Captain’s Call Beats Captain’s Knock

Not just for cricket fans but for those who search for Australian character and identity, Michael Clarke’s Adelaide innings has provided a defining moment.

In unique circumstances, Clarke provided the most blunt and telling example of what this nation craves most in its leaders, ticker and mateship.

I stopped in at a hotel on the way home to catch the last 30 mins of the first day’s action on the TV. Perhaps i should have stuck with the compelling and bright ABC radio in the truck.

Sat on my pat, glued to the action with updates on Clarkes injury and replays of events that lead to his demise. Then, with schooner in hand a stranger sidles up alongside to impart his version of wisdom on the Clarke story. Alas, the glass vessel nor his compromised lips were able to contain the dribble or drivel. “Selfish bastard, if ya ‘aint fit ya don’t play.” Then “Geesuss Clarke get up, ya weak as (wee)”.

In no mood to engage I left, back to Jim Maxwell and mates.

I fumed then quickly realised my umbrage was matched by a comparable level of affection for Clarke. It was, in fact, that someone had abused my mate.

The dribbler is partly excused because his imbibed state caused a lack of lucidity, however my appreciation of Clarke was unimpeded and evident to mind. Clarke’s recent behaviour has etched itself deeply into the consciousness of what we aspire to, and deeply admire.

On the first charge; Selfish…not fit..don’t play. Not Guilty. Yes,we all want to play to fulfil our own ambition regardless, but his on-field tactics in pursuit of victory, be it in regard to declarations or setting run targets, show he has no regard for preserving personal records. Clarke wants his team to win, that’s not selfish.

As to playing with injury, he was passed fit to play – physically anyway – by all the medicos in relation to his hamstring strain. The back complaint, although with a history, was not evident – nor an impediment when tested for fitness. The pinch, strain and wrench which occurred when on 60 was not expected by him nor the medical staff. He was fit to play prior to the toss.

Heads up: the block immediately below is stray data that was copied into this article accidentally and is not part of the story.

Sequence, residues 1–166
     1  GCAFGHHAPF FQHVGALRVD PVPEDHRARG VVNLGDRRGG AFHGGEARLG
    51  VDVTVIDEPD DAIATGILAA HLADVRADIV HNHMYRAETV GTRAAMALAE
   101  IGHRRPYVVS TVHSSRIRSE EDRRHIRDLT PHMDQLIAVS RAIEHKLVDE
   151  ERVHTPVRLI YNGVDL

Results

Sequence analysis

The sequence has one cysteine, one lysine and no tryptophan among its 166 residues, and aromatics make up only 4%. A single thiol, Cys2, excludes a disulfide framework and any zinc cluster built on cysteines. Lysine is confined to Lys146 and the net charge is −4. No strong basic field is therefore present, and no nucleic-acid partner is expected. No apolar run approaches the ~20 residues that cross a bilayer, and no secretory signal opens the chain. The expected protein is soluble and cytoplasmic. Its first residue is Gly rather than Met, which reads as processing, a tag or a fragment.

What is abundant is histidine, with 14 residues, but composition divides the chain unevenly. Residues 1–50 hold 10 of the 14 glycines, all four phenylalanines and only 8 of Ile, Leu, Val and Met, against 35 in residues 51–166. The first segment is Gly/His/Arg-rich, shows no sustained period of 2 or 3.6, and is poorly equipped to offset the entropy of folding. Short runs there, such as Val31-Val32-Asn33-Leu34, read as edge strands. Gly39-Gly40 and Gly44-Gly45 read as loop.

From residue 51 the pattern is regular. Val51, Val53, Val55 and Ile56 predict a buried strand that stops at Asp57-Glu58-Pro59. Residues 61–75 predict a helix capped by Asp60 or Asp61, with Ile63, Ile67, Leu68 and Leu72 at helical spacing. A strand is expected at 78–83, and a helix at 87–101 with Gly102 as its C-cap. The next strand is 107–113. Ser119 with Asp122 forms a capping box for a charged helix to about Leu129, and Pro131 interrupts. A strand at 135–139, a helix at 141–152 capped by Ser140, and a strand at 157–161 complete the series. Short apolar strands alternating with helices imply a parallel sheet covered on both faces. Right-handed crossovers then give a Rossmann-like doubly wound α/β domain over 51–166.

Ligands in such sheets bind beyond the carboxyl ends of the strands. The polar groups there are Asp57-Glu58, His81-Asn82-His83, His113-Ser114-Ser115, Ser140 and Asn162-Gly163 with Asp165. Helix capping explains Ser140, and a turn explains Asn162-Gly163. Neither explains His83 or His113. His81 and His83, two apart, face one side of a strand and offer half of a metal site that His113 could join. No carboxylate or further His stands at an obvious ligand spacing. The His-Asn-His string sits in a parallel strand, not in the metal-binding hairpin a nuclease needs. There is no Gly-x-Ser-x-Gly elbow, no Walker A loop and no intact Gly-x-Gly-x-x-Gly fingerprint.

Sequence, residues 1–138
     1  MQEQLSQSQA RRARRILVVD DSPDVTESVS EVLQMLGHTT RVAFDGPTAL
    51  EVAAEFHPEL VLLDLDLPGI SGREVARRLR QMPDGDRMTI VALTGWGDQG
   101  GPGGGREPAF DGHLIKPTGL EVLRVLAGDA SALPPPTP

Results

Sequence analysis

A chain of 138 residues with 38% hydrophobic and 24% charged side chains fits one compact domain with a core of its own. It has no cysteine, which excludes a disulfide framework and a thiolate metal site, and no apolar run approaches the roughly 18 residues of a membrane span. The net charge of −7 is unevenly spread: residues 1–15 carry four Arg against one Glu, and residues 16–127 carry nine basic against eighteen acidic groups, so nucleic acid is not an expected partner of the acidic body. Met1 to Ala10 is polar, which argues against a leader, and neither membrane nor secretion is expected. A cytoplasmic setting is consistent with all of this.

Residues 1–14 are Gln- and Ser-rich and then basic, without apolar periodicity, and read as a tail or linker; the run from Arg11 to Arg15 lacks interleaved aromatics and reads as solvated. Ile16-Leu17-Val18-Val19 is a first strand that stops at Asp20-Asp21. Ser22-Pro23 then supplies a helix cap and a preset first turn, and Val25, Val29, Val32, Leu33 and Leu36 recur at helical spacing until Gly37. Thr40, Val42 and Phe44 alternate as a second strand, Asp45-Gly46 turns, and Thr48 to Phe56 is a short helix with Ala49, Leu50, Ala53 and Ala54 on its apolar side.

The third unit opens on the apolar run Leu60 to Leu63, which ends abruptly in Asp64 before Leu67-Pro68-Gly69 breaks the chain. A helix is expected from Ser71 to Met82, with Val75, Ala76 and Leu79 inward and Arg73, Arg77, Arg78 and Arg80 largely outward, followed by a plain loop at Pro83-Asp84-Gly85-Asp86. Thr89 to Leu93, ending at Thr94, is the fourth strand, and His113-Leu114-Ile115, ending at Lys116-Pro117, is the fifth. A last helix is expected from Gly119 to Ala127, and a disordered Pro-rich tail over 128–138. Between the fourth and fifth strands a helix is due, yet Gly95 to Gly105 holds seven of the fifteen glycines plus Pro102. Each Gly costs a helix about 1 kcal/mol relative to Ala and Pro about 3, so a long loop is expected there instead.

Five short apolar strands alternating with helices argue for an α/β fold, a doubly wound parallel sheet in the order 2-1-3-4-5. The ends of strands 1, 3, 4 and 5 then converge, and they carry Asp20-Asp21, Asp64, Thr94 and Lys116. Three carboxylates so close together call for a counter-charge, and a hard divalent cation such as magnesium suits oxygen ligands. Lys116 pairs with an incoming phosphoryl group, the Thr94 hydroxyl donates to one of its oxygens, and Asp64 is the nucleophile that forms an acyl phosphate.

Second charge; Weak as… Not Guilty. In fact, the opposite. We do care about his first innings score, a recently completed dig of 128, but his strength of leadership was not so much in the tally of numbers but in his defiant flag bearing of his and our most cherished position – that of Australia’s cricket Captain.

Much as been said and written about how uniquely difficult a situation this band of young men have endured, and will hopefully rise above. No one, it was publicly stated, would be cast down for not being prepared to play in Adelaide.

Now it was Clarke’s time.

As he had had down so stoically in eulogising his great mate in Macksville, Clarke now gripped the Australian cricket flag, thrust it powerfully above for his team to follow. “We will play on” he said. He declared, undemonstratively, that he would play in Adelaide and his teammates fell into line in full support of their captain. It showed in our first innings – on the board and in our resolve and gait. That’s not weak.

A Captain leads by deed. A leader draws committment from his men when those men see integrity in their Captain. It was a no crap moment.

Clarke has a team, it’s our national team. He now commands our respect as a fine Australian and our captain.


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About Andrew Buchanan

Devotee to Australian culture,history and identity. Expert in non-colonic irrigation. Father,Rugby coach,part time bush poet .Expelled member of the friends of Stalin show your bottom Society. Advocate for Australian rules and cricket as our national codes with a deep abiding love of League and Rugby.


  1. Whilst I think the long term impacts of Clarke playing are yet to be realised and the cost could be severe, I think him being out there showed a truimph of emotion over good sense, for all the best reasons. His courage cannot now ever be doubted, after this knock and his SA century earlier in the year.

    I still feel strange towards him, for reasons I cannot fathom I must admit. But, despite on ongoing a crook back, his record of missing tests is admirable, espcially compared to Watto. He has shown mettle and grit, in the fine tradition of Waugh and Border, and that’s something many of us wouldn’t have imagined writing a few years back.

    All credit to him, he stood up (literally) when it counted and should be applauded for it

    Welcome aboard too Maleny/Andrew


  2. Malcolm Ashwood says

    Thanks Andrew Clarke is interesting in that I think we have always regarded his batting and tactical nous extremely highly , it was his communication ability and relationship with players and yes with , Bingle bells that was more than questionable which I did in my leadership article ( love you to have a read ) . Over the last 2 weeks he has provided the greatest leadership in aust sporting history , IMO . This test match he just had to play it is unique and about the whole cricketing family , he has been amazing , welcome aboard , Andrew

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